New New York pre-k program has potential

Graphic by Clara Ilkka  New York officials are implementing a pre-K proposal for all students.v

Graphic by Clara Ilkka
New York officials are implementing a pre-K proposal for all students.v

Ryan Longnecker

In the United States, the average child starts public schooling at five years old. That is their entrance into kindergarten and a whole new life. They are there to learn all kinds of new, unimaginable things. Things like shapes, colors and numbers. It is also, for most kids, the start of their lives, being away from their mothers for an extended period of time and being surrounded by a bunch of other kids. It is their first experience in a social environment. Now, New York is trying to start this whole process, one year sooner with statewide, tax-funded, free Pre-K schooling for all kids.

After a long and hard fought battle, New York City Mayor Bill de Blasio and New York Governor Andrew Cuomo have finally succeeded in the passing and soon to be implementing of a public program that will provide free public Pre-K schooling to four year old students. It will be funded through public state taxes and will cost approximately $1.5 billion over five years.

After many years of fighting and determination, Mayor Blasio has full confidence in this bill’s success after implementation. His whole campaign has been based on statewide Pre-K programs.

“De Blasio had made a universal pre-kindergarten program a cornerstone of his successful mayoral campaign last year. He proposed paying the $340 million tab by raising income taxes on wealthy New York City residents, although any increases would have to be approved by the state legislature. De Blasio said on Saturday that the $300 million would be enough to build out the program,” wrote Reid Wilson, a columnist from the Washington Post.
However, it was not a perfect success for the mayor of the largest city in the United States.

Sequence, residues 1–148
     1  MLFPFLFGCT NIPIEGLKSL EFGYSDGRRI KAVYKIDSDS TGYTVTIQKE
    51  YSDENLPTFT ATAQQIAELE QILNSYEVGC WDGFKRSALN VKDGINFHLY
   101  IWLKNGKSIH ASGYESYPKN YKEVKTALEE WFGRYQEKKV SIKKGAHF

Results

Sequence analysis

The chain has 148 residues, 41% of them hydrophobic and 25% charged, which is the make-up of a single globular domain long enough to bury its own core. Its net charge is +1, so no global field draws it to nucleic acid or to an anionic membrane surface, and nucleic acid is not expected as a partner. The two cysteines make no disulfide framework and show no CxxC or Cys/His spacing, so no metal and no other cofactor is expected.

“But de Blasio didn’t get everything he wanted: Cuomo’s budget increased tuition funding for charter school students over a three-year period, and it requires New York City to find locations for charter schools either within existing public school buildings or in private space. De Blasio has been critical of charter schools,” wrote Wilson.

There is a lot of promise from this new program, regardless of the few setbacks.

“It’s not just an aggressive undertaking for statewide Pre-K, it’s also about a quality Pre-K program. We’ve rewritten the rules for Pre-K in New York,” Cuomo said in a weekend conference call announcing the deal.

“An advantage of preschool for four-year-olds is that it helps kids get ready to start their formal education. While at preschool, four-year-olds are exposed to numbers, letters, shapes and other general content areas that they will need to be successful in kindergarten. According to Linda Broatch, M.A. in education with a focus in child development, high-quality preschool programs engage kids in ways that help them acquire pre-math and pre-literacy skills while allowing them time to play. Preschool also helps four-year-olds learn the basics of being in school, such as how to raise their hands and how to share the teacher’s attention,” wrote Carissa Lawrence, a journalist from

There are many worries involved in this program. The first, is that it is publicly funded. That means many people will be paying to educate students for an extra grade. People with no young children have an issue paying for something they may see as useless. Other possible effects of this program may be psychological. It has yet to be seen what will happen when you separate a child from its mother at such a young age.

Regardless of the risks, there are far too many positives for this bill not to occur. It is only a hope that this idea may spread to the rest of the United States so that Americans may be better educated.